Tag Archive for: Northern Sweden

I have worked in kitchens long enough to have experienced many different diets: vegetarian, vegan, pescatarian, raw food, gluten-, dairy-, nightshade-, salt-, nut-, and shellfish-free. While working at Saltoluokta Fjällstation, I experienced a new eating preference: vilt (wild). These are vegetarians who will eat wild fish and meats. I have never run across one of these in the US, though I have met several people who are vegetarians but will eat animals that were raised sustainably.

Wait, what can't they eat?

Wait, what can’t they eat?

To be a wildfoodatarian in the US would hardly be worth explaining. Unless you or someone you know hunts wild game, you will have trouble acquiring wild game. So what about that buffalo burger, or fried crocodile, pheasant breast, or elk steak you ate on that one vacation? They probably all came from farms. Laws in the US prohibit hunted meats from being served in restaurants, as the animal must be inspected prior to slaughter. Wild fish is still fair game (no pun intended). The laws, put in place in the 19th and 20th centuries, worked as a preventative measure to protect wild animal populations, which had been severely depleted by commercial hunting (read more here).

Spelt galette topped with caviar, red onion, whipped creme fraiche, dill and lemon.

Spelt galette topped with caviar, red onion, whipped creme fraiche, dill and lemon.

Today it appears that the only way to get real wild meats is to go to the local Food Bank during hunting season. For example, in West Virginia, hunters can donate their deer to local meat processors who will butcher everything and donate it to the Mountaineer Food Bank. It’s an excellent program, but it raises awkward questions: why is uninspected meat okay for the poor? Could hunters earn income from sales of hunted deer – an income that could perhaps help economically depressed regions?

Warm smoked Sik (whitefish) were succulent and delicious.

Warm smoked Sik (whitefish) were succulent and delicious.

Sweden has different laws concerning wild meats, and one regularly sees moose, wild boar, and many types of game birds on menus. Wild game is served in other European countries, as well. All these countries simply require the game to be inspected and processed in a certified facility, post-hunt. Reindeer occupy their own category – as semi-domesticated animals that must be slaughtered in a certified facility – a complicated system Amanda is still trying to understand for her research.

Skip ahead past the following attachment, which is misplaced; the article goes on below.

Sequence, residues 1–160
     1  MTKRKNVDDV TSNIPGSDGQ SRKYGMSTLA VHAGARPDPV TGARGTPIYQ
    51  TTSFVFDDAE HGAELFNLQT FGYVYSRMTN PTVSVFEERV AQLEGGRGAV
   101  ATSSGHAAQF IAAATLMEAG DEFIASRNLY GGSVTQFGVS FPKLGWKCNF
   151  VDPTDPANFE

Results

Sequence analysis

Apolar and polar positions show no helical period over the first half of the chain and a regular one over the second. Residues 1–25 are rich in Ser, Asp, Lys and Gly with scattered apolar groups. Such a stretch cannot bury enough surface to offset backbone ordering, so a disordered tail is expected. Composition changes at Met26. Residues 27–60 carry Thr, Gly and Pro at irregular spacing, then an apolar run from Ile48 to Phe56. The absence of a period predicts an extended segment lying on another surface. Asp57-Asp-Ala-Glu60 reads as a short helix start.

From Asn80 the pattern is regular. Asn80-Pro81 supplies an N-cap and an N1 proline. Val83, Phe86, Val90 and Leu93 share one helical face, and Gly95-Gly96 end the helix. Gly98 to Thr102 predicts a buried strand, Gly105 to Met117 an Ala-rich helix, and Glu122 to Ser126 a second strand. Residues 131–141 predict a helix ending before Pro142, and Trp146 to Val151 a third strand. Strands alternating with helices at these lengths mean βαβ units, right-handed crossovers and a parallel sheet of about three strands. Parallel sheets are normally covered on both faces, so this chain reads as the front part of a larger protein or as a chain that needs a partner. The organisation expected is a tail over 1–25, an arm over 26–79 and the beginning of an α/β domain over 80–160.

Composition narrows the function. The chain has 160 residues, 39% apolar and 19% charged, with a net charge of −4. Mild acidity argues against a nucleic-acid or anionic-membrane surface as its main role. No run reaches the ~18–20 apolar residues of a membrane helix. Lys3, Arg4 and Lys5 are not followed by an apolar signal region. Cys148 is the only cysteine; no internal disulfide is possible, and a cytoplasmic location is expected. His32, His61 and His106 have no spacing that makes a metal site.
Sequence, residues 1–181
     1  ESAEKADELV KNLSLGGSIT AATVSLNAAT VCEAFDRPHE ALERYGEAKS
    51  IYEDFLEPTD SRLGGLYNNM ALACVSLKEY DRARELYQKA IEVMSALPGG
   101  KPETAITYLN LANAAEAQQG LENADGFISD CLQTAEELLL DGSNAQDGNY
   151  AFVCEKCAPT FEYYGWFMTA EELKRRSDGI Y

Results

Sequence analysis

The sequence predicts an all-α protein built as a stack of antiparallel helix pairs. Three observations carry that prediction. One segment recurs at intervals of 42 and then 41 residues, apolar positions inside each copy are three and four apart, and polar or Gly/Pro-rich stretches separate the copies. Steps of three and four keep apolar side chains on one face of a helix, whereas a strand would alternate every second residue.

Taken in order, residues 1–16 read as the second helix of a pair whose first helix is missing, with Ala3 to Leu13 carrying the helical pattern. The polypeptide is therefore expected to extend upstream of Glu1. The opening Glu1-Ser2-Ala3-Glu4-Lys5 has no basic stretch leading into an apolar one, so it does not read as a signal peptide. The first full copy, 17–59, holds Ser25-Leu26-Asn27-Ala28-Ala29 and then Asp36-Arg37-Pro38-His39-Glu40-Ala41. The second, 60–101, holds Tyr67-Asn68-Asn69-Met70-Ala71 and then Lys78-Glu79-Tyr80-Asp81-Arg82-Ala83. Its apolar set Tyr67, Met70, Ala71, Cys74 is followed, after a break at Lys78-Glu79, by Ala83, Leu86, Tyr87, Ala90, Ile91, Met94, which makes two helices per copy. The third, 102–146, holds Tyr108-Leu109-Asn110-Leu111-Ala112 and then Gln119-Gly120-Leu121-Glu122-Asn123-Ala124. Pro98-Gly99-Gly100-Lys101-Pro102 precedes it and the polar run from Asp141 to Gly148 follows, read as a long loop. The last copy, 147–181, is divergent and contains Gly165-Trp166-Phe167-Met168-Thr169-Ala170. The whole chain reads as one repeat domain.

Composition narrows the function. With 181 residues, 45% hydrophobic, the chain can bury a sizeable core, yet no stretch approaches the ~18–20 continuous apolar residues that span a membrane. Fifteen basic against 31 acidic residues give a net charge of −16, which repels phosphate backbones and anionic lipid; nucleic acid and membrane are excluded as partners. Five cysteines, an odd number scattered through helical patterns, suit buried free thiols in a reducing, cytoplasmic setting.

Strangely, the wildfoodatarians I encountered didn’t require much menu modification due to Saltoluokta’s game-based menu. All of our proteins for the main courses were wild foods: moose, reindeer, smoked whitefish, trout, and arctic char. Occasionally we used a bit of pork belly, but who wouldn’t? Even our lunch menu used ground reindeer and moose meat for things like lasagna or pasta bolognaise.

Roding (arctic char) roasted over a wood fire.
Röding (arctic char) roasted over a wood fire.

It was a great experience to work with all these wild foods. Reindeer innalår (tender top round) marinated, grilled, and then finished at high heat in the oven was supremely delicious, crusty and slightly charred on the outside, tender and deep pink on the inside. Moose innalår received the same treatment but the meat is lighter in color and milder in taste while still remaining distinctly wild tasting.

Slicing reindeer innalår that has been grilled and then finished at high heat in the oven.

Slicing reindeer innalår that has been grilled and then finished at high heat in the oven.

The fresh caught and smoked sik (whitefish) from the lake were moist and succulent—excellent served with a sour cream caviar sauce and boiled potatoes. Röding (arctic char) and öring (brown trout) were often served whole, after roasting in a bath of white wine, butter, and a showering of almonds. Lax (salmon) is not easily found in Sweden, but it is abundant in nearby Norway. We wrapped exotic asparagus in thin slices of cold-smoked Norwegian salmon and served them up with a chive hollandaise.

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Asparagus spears wrapped in cold-smoked Norwegian salmon with chive hollandaise.